Of course, we see progress in many of the tangible areas of accessibility but there is certainly so much more to be done, and so much of it has to do with the societal context. Social accessibility is key. Not just making places accessible in the physical sense but considering emotional and psychological accessibility as well — what really makes people able to be a part of something. That, I think, is the intention of accessibility, to make something holistically accessible. Making something physically accessible once you find out there might be an individual who needs it is not accessibility, that is accommodation and it is deeply, although often unintentional, a form of inequity. How do you wholly include everyone is the question we need to be asking.

There is also still so much stigma related to both visible and non-visible conditions and that creates inequity on both sides. I think the more we can create safe spaces for discussing difference, the more we can lessen the pressure of needing to define what sets people apart in a way that make them feel at risk for discrimination or stigmatization. Helping people to be open and unafraid of differences is essential, rather than setting ups differences as barriers and a means to exclusion.

And, as simple or hokey as it might sound, I think what happens at camp has a lot to do with kindness. Campers and staff aspire to help one another, to include everyone. One hand reaches out to another, and kindness begets kindness. As a result, the whole becomes greater than the parts. The sheer positivity radiating at SeriousFun camps is off the charts. Everyone feels it the minute they step on site — campers, parents, siblings, volunteers and staff. All this positivity is generated by people’s generosity toward one another.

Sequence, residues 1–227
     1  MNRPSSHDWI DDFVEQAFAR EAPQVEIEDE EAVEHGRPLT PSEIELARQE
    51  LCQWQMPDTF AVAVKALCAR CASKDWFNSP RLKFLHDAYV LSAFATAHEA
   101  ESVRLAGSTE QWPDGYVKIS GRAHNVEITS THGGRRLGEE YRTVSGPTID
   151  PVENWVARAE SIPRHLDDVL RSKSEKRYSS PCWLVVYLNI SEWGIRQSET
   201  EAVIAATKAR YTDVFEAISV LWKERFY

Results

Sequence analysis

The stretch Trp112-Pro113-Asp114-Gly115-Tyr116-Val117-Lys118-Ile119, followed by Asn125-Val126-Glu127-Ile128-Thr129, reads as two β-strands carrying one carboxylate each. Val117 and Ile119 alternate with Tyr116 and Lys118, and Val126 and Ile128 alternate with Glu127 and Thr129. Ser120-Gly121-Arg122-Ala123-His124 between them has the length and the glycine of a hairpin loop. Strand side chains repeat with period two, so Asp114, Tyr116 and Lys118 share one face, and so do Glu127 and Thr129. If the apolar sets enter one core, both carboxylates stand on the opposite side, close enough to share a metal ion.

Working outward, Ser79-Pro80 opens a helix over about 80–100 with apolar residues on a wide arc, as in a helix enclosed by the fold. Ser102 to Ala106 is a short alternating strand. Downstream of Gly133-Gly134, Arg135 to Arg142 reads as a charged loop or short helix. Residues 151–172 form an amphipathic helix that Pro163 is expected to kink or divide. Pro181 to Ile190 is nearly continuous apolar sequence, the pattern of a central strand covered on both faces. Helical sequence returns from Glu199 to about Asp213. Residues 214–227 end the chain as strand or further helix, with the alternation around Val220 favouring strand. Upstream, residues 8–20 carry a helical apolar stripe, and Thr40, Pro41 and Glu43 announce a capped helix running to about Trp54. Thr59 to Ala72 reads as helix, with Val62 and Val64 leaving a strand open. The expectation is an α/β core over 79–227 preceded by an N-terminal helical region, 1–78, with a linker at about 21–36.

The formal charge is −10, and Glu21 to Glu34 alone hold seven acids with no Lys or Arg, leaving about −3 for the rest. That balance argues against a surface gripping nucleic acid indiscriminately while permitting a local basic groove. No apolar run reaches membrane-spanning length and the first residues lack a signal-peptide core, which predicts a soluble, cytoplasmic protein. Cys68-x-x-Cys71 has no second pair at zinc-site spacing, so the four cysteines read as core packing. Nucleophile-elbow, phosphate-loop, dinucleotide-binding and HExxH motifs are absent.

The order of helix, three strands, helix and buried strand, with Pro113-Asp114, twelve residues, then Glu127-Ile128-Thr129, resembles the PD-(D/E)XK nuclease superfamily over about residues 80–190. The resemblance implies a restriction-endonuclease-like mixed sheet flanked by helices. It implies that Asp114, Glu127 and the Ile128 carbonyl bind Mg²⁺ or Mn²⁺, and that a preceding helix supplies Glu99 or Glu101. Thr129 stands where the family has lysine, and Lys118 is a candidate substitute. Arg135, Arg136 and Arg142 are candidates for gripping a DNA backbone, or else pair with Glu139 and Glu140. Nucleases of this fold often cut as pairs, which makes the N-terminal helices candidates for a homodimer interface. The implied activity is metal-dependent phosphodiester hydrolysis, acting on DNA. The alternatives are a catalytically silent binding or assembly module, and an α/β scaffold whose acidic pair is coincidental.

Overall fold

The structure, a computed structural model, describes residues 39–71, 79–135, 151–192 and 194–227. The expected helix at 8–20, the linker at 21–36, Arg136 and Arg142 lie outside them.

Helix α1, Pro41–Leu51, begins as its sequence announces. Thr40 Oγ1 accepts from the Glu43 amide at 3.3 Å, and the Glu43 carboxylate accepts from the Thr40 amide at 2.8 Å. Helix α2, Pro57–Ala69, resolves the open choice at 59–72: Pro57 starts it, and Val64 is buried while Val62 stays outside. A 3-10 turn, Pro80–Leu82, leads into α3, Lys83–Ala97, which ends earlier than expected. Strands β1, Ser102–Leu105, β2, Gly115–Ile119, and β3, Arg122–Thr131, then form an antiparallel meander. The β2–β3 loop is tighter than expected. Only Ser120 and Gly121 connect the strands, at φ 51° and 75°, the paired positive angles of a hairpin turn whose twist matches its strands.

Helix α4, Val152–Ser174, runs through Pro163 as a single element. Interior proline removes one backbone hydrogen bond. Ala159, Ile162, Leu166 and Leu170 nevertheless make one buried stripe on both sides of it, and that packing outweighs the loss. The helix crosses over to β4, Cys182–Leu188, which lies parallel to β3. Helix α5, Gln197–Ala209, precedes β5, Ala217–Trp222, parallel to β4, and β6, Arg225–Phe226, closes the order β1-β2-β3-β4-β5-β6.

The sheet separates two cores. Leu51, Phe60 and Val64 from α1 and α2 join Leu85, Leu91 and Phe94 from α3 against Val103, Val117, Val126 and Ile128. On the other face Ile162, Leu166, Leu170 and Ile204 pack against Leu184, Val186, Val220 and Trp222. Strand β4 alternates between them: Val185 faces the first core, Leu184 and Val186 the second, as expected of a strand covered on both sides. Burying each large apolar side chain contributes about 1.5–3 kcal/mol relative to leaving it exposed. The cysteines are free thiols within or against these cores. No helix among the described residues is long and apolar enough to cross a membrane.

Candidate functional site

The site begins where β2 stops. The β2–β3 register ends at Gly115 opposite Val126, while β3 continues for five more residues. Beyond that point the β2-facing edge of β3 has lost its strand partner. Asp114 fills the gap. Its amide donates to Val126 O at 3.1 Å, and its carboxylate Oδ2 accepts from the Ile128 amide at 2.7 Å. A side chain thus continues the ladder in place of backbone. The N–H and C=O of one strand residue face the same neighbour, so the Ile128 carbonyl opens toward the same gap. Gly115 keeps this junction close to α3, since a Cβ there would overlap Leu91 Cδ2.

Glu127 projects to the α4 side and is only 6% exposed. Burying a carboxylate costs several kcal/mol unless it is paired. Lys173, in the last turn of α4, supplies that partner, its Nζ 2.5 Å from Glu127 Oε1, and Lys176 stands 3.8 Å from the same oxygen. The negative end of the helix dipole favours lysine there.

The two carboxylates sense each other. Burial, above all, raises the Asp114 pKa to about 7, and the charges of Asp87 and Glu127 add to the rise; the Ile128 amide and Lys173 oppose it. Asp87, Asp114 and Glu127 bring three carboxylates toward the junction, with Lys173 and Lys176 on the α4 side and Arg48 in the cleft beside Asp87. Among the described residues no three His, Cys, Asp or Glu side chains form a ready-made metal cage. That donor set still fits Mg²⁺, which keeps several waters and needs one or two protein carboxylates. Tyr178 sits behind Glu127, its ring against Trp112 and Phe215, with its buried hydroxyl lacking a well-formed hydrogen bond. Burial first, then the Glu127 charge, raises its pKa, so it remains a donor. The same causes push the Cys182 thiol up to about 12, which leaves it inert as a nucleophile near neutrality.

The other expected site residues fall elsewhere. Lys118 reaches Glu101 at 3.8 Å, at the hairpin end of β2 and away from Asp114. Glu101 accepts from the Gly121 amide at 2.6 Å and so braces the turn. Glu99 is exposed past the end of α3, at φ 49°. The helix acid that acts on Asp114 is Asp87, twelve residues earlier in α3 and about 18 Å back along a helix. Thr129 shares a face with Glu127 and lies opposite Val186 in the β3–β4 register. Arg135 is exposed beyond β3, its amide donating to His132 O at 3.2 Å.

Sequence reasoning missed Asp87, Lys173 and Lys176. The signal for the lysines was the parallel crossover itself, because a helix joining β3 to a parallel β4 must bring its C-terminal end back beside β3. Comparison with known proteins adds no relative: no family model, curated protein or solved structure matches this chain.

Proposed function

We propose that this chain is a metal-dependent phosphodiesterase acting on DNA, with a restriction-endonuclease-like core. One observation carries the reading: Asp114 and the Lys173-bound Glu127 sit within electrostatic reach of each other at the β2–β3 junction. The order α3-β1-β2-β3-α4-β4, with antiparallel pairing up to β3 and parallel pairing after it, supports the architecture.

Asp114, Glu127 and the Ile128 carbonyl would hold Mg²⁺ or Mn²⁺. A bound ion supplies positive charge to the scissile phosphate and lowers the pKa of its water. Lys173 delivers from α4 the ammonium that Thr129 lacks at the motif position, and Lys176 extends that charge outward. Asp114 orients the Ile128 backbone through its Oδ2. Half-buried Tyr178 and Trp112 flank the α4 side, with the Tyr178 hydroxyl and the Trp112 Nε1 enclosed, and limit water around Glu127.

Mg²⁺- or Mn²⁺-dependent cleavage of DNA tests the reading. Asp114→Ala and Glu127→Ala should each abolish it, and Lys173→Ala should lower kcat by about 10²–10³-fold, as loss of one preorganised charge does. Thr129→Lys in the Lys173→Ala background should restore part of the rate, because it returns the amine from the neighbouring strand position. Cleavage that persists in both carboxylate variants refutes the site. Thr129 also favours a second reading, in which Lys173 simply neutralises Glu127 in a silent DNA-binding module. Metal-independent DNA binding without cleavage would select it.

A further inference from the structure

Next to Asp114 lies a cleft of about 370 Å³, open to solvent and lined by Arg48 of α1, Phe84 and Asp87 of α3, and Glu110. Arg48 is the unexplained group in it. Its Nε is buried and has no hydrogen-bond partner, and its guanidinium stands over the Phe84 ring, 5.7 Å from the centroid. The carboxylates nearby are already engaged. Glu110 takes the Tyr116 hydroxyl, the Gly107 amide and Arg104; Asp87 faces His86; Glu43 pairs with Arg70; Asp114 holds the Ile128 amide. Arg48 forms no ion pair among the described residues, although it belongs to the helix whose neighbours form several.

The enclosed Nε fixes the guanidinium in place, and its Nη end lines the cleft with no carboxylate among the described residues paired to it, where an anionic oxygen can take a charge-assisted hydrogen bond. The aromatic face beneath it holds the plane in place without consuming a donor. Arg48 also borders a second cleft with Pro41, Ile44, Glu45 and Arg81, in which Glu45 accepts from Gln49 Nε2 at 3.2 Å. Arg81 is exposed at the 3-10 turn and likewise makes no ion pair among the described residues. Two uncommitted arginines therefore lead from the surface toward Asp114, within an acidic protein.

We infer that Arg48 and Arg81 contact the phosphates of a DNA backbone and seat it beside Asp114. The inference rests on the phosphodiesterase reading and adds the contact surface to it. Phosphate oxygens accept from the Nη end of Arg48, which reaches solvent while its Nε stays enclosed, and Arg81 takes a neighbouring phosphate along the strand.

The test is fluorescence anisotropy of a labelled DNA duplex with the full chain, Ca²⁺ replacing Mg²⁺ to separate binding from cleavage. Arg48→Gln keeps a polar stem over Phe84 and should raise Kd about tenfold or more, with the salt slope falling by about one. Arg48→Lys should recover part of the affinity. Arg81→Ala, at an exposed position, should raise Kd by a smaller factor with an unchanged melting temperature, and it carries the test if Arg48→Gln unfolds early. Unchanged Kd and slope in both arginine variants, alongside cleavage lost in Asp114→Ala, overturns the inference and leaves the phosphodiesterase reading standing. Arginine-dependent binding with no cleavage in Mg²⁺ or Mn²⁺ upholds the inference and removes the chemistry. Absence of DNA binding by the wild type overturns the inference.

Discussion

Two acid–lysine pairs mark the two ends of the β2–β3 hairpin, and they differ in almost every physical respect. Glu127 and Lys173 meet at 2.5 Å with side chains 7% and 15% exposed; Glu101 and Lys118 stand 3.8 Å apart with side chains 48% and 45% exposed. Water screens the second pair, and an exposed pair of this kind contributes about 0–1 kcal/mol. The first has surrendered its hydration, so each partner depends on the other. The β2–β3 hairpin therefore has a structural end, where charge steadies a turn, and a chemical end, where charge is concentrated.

How do you define “Leadership”? Can you explain what you mean or give an example?

To me leadership is about guiding. Sure, there are times when it is about your own decision making, but more often you need to allow people the space and opportunity to thrive and succeed — or perhaps fail — on their own, while offering insight and focusing on forward movement. Leadership is not a one-size-fits-all thing. To be a good leader you need to be pretty nimble at recognizing what is needed by those you lead, those you aim to support through your mission, and helping others understand it all as well.

At its core I believe leadership is about putting the greater good ahead of any individual or subset’s needs. Often this means having to think longer-term, while responding to what’s right in front of you.

Based on your experience, what are the “5 things a person should know before they decide to start a nonprofit”. Please share a story or example for each.

The first thing I’d recommend to someone starting a non-profit is to know the values that drive you and your mission. There are a lot of pressures in building a non-profit and certainly a lot of “wrong” turns you can take that you might not even realize you were taking. But if you stay true to those values that are at the core of what you do, I think you’re a lot less likely to head off in a wrong direction, wasting money, time, energy, and intention.

Secondly, I’d say pace yourself. People start non-profits because they want to make positive change, which is entirely admirable. But in the rush to have an impact, non-profits sometimes take on more than they are able to support, whether it be in staffing, program expansion, financial commitment, the list goes on. Growing is fundamental to a non-profit. I simply recommend doing so at a reasonable pace that doesn’t put your operation at risk, albeit unintentionally. That doesn’t mean there won’t be risk involved at times. There will be. But infuse your vision with a dose of realism whenever possible.